Wednesday, May 02, 2007

What’s your plan after graduation ?

It’s May now. It’s this time of the year when local universities students are finishing their exams, and some of them are running their last laps. Many of them would be entering the workforce soon, just like what I did seven years ago.

Seven years ago shortly after I graduated, I had an ex-colleague HK who had lived in quite a few countries. He had spent a couple of years in China and Taiwan. Thus, sometimes he would like to compare the people from these countries with Singaporean. I remembered he used to say something like this: “In China, when you ask a student his plans upon graduation, he would probably says he plans to do postgraduate studies like Masters or Phd. In Taiwan, the student would probably wants to start-up a company. Whereas in Singapore, a typical student would probably says he wanna join an MNC upon graduation.”

I understand there is a bit of generalization here. What H was trying to highlight was the difference in mentality of typical students in these countries. In general, China students are hungrier for knowledge and don’t usually stop at undergraduate level, while Taiwan students have more entrepreneurial spirits. In contrast, a typical Singaporean student seemed to be perfectly contented with a bachelor degree and a stable job in an MNC.

While there is nothing wrong in wanting to work in an MNC, somehow HK felt that something is seriously lacking in our students compared to their overseas counterparts.

“What is that thing which our students lacked?” I asked.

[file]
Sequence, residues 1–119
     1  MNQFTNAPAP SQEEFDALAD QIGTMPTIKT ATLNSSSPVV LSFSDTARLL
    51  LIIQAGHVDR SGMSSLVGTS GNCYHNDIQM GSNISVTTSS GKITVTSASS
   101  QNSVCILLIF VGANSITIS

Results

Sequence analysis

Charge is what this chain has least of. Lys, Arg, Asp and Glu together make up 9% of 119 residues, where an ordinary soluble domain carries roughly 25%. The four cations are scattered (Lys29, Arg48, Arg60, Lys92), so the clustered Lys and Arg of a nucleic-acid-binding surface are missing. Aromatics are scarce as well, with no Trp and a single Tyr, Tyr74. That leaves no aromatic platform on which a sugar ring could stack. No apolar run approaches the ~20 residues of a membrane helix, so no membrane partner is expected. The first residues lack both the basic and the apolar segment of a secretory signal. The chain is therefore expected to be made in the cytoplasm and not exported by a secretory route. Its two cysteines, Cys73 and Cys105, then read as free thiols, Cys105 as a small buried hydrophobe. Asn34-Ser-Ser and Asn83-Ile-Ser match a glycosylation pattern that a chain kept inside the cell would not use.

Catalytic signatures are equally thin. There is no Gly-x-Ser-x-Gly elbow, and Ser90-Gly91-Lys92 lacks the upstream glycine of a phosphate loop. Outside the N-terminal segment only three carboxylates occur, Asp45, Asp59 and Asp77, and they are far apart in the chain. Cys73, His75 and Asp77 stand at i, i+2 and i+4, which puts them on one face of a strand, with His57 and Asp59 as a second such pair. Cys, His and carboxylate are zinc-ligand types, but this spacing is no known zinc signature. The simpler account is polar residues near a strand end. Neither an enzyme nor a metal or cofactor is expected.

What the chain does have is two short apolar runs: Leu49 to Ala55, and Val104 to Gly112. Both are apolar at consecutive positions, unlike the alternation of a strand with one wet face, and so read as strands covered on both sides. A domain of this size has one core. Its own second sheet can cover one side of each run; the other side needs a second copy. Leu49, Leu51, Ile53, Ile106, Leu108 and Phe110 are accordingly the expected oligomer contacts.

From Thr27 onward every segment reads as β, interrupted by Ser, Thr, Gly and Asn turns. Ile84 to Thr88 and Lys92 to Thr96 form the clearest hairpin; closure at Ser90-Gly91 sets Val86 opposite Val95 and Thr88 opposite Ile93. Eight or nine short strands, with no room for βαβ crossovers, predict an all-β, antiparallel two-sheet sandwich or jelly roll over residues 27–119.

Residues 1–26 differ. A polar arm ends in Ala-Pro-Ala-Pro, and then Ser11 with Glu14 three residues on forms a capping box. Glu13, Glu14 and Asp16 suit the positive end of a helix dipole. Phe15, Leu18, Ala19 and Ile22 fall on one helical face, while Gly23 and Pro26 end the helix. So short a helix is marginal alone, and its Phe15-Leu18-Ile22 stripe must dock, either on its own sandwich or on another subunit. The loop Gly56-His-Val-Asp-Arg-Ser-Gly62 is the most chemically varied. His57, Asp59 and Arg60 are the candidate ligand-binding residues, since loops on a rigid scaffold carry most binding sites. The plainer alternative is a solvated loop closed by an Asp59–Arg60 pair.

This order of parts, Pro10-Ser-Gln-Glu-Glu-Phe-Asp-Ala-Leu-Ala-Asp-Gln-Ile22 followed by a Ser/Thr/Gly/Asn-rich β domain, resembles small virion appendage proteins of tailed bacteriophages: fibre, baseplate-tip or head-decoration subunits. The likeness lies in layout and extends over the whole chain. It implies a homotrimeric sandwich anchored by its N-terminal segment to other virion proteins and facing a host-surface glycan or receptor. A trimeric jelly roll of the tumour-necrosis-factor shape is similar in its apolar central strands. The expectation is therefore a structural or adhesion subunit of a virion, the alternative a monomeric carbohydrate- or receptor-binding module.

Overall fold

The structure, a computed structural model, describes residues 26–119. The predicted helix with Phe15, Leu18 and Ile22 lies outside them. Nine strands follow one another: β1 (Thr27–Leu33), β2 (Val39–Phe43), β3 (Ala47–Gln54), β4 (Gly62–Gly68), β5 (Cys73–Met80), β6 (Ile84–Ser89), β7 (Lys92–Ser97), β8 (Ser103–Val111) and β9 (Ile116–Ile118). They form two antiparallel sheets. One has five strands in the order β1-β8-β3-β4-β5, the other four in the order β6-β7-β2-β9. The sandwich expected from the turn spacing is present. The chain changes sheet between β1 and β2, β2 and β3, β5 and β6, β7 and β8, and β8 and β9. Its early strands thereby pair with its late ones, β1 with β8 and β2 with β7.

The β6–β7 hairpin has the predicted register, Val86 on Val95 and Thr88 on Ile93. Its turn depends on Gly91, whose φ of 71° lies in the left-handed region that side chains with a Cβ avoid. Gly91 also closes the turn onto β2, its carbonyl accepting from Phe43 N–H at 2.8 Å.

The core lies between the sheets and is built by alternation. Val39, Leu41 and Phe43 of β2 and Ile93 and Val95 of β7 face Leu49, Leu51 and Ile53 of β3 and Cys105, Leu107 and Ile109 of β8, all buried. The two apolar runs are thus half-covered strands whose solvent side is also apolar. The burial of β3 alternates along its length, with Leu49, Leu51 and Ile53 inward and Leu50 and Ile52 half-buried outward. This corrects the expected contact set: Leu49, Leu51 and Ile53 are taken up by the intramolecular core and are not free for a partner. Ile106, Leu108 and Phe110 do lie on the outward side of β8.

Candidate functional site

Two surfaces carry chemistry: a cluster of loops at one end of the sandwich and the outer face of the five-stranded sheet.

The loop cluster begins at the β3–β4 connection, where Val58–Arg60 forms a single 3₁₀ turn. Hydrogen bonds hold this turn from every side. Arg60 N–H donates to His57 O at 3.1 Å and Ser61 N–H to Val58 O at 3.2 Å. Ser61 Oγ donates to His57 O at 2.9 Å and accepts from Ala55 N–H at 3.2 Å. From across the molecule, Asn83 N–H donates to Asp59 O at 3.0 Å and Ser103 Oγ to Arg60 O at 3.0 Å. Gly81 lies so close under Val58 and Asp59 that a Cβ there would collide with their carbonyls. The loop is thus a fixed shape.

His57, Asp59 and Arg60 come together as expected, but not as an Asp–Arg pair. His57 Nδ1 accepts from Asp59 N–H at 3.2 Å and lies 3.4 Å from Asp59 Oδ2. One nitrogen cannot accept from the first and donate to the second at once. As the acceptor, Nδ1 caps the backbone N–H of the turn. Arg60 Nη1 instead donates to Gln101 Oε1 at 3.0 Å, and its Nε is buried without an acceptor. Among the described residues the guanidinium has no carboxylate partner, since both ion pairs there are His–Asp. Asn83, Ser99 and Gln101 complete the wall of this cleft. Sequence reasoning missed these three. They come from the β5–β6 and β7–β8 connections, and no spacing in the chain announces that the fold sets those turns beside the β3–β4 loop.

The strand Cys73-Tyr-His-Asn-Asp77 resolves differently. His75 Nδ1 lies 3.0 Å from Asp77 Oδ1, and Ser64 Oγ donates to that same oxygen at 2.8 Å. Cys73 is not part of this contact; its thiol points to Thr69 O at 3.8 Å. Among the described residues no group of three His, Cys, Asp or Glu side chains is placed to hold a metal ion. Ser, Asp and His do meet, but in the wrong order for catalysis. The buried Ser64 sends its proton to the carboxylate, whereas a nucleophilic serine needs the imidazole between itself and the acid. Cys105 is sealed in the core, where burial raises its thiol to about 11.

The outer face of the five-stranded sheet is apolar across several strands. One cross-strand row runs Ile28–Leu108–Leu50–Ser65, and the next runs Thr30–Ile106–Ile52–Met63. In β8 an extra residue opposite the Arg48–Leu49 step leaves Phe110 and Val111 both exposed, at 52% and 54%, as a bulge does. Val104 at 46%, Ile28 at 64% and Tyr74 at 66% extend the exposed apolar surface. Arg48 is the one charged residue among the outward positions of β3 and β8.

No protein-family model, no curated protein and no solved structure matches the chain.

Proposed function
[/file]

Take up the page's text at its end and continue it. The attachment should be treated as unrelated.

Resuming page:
“Directions.” HK replied.

Yes, directions. HK felt that in general, our students didn’t have a clear direction of what they truly want in life, even after they graduated from university. When a Singaporean student replied that he wanted to join an MNC upon graduation, the thing in his mind was probably a decent and stable paycheck and a comfortable lifestyle, rather than ambitions, passions or dreams.

Although I do not want to agree with HK, my encounters with quite a number of fresh graduates had more or less affirmed his observations. Many of these local fresh graduates that I encountered do not really know what they want in their lifes, and the thing I am worried about is that they never seemed to have given a serious thought about it. And as a result, many people make career switches because eventually they found themselves doing something that they do not like.

I do not know how close to reality HK’s observation is, and whether things have changed ever since. If you have just graduated or had been working for a couple of years, have you ever spend some time thinking about what you really want to achieve between now and your retirement? If your answer is no, maybe it’s about time to start thinking. Start thinking, before you turned yourself into a worker ant.

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